Spec-tacular - SemVer & Beyond

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This talk unravels the intricacies of Semantic Versioning (SemVer) while delving into the real-world, practical complexities of navigating dependency hell. Gain new insights into the origin of & challenges with versioning, discover the hidden powers of the existing semantic version schema, and catch a glimpse of the future of package management. Whether you're a seasoned developer who lives & breathes conventional commits or a newcomer eager to understand this essential aspect of our package ecosystem, this talk promises to level up your understanding of everything spec.

22 min
15 Feb, 2024

Video Summary and Transcription

Welcome to DevOpsJS 2024! We'll be discussing semantics and versioning schemas, particularly semantic versioning (SEMVR). There are concerns about the flaws in SEMVR and the need to embrace change in software development. Dependency hell in the JavaScript ecosystem has been addressed through semantic versioning and new capabilities. However, there are still issues with the SEMBR spec, including absent definitions and problems with build metadata. To improve versioning, we need to address missing definitions and consider a new spec for the future.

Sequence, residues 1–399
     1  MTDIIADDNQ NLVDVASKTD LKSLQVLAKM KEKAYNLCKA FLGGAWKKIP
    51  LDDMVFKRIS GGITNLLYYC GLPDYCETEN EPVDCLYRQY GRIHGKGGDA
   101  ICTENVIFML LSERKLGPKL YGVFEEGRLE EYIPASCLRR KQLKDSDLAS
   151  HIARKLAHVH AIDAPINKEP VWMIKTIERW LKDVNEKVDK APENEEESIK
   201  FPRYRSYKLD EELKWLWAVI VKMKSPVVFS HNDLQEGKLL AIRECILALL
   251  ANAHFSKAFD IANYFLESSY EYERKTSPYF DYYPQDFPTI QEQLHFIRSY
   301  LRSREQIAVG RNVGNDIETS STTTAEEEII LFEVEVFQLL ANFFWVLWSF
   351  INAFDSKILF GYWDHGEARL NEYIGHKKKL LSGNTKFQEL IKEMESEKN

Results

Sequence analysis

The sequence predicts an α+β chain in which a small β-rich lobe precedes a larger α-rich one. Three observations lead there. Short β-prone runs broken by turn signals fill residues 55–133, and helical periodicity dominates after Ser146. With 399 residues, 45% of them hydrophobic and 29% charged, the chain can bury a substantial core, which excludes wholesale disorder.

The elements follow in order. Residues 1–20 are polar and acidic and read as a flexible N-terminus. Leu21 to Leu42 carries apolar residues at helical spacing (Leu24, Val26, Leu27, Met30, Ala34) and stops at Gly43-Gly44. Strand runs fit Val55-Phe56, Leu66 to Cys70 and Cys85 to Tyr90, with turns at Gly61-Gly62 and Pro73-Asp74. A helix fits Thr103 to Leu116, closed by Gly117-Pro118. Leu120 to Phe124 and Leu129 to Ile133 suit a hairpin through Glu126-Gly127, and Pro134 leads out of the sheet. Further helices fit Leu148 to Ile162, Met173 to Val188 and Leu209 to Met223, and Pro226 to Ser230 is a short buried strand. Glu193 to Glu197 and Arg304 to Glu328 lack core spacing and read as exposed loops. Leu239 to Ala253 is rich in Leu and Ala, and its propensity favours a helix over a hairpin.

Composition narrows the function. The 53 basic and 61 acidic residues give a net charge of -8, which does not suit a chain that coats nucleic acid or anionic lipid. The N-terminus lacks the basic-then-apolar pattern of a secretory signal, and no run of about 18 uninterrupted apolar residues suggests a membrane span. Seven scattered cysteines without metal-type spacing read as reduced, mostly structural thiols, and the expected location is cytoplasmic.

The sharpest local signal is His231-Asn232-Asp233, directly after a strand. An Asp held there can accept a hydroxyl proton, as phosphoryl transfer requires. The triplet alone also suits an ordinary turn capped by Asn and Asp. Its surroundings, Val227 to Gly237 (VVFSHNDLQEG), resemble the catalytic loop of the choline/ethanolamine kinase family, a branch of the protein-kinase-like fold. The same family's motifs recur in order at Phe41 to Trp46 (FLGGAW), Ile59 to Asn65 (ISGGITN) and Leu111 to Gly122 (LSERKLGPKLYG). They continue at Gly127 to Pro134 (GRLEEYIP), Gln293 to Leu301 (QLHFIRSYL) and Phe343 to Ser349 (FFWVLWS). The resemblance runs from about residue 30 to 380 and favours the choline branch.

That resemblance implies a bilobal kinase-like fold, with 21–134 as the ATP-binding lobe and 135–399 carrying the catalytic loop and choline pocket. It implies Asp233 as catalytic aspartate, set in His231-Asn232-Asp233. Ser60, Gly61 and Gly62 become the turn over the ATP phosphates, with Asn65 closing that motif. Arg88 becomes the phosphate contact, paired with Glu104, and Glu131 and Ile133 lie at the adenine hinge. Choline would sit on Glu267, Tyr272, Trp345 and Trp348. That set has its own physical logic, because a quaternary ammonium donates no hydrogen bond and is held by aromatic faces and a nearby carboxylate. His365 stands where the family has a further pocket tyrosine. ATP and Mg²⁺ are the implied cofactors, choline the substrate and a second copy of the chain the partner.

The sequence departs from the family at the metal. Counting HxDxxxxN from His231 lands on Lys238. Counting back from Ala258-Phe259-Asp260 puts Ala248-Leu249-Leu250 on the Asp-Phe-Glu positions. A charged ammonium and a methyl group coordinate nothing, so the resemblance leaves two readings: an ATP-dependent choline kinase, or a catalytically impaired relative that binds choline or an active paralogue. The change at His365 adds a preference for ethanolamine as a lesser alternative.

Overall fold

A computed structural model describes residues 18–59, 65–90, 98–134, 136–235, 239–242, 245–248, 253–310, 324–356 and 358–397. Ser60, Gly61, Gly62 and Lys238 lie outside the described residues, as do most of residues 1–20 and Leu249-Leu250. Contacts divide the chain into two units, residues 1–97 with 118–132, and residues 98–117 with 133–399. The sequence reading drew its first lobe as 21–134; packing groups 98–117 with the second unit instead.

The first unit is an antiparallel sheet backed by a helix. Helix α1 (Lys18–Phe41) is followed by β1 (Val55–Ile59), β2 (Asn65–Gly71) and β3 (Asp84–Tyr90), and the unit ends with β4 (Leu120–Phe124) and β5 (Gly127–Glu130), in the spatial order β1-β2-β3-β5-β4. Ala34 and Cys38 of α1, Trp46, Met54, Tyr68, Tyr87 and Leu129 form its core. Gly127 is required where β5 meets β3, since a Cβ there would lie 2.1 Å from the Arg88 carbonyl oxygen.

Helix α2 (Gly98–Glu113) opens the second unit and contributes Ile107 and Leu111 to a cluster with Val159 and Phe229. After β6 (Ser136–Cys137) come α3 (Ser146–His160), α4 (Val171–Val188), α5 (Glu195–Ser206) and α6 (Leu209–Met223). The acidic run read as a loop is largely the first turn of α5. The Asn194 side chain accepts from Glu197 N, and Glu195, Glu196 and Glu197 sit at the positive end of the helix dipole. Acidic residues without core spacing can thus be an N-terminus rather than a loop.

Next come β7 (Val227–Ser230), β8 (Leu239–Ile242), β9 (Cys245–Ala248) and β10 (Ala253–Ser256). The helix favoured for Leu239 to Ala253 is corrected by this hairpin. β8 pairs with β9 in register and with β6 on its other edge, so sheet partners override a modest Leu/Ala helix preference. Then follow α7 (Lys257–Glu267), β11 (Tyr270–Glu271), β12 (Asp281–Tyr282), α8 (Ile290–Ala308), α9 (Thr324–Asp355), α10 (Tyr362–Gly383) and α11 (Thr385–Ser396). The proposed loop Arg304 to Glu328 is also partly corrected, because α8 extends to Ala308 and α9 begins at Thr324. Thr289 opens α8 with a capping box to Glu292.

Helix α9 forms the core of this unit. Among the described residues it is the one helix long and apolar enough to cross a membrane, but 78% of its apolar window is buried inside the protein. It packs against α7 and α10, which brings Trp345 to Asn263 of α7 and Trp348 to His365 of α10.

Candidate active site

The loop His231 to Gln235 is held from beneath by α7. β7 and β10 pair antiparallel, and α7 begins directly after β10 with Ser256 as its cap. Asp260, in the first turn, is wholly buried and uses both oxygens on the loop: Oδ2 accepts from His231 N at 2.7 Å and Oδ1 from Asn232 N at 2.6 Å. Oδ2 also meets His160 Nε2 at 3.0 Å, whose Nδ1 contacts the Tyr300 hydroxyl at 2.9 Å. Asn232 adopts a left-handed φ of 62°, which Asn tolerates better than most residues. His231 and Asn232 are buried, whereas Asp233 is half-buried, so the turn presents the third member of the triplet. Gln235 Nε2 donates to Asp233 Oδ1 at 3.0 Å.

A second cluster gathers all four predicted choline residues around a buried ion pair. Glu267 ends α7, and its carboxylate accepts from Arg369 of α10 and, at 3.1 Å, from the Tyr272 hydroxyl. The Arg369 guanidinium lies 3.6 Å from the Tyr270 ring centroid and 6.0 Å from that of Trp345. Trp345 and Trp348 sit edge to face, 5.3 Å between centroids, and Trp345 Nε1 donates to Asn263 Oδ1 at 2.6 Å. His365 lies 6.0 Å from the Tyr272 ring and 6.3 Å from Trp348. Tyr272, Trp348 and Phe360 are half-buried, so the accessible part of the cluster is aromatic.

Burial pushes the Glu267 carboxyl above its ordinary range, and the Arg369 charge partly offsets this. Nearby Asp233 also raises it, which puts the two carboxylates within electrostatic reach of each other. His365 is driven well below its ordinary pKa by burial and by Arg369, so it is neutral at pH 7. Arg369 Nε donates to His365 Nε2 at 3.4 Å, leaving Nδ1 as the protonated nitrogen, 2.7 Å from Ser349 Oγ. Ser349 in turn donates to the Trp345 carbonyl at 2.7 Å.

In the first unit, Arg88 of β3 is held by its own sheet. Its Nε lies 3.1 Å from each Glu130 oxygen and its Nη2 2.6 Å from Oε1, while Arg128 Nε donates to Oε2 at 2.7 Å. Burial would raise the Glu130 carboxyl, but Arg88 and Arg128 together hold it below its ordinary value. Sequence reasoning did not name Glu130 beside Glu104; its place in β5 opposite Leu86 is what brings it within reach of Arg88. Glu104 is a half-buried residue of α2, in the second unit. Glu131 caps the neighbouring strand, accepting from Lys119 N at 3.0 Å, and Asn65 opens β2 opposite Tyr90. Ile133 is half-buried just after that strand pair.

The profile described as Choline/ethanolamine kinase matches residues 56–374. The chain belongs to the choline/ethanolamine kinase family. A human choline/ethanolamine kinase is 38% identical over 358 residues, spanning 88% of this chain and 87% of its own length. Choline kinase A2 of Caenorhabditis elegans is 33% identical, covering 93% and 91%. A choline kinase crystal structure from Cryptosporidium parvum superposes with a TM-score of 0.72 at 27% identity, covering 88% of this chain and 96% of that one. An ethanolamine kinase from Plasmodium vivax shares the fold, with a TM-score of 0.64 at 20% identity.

Available in Español

1. Introduction to Semantics and Versioning

Short description:

Welcome to DevOpsJS 2024! We'll be discussing semantics and versioning schemas, particularly semantic versioning (SEMBR). I'm Darcy Clark, a software engineer with over 20 years of experience. Inspired by Rich Hickey's talk, I have some concerns about his views on Semver. Let's dive in!

Welcome, thanks for joining DevOpsJS 2024 and taking an interest in my talk today. We'll be diving into one of my favorite topics, which is semantics, and more specifically versioning schemas, the most popular of which being semantic versioning, or otherwise known as SEMBR.